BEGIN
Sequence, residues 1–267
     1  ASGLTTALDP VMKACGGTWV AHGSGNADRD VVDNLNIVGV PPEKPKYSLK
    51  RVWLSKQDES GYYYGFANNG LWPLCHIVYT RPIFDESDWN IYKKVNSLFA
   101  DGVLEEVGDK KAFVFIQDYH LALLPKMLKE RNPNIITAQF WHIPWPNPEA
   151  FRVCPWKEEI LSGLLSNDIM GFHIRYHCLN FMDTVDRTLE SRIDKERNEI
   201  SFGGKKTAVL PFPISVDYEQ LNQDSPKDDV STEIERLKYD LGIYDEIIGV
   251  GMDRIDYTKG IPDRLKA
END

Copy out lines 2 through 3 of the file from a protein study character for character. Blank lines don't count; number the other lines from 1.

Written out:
     1  ASGLTTALDP VMKACGGTWV AHGSGNADRD VVDNLNIVGV PPEKPKYSLK
    51  RVWLSKQDES GYYYGFANNG LWPLCHIVYT RPIFDESDWN IYKKVNSLFA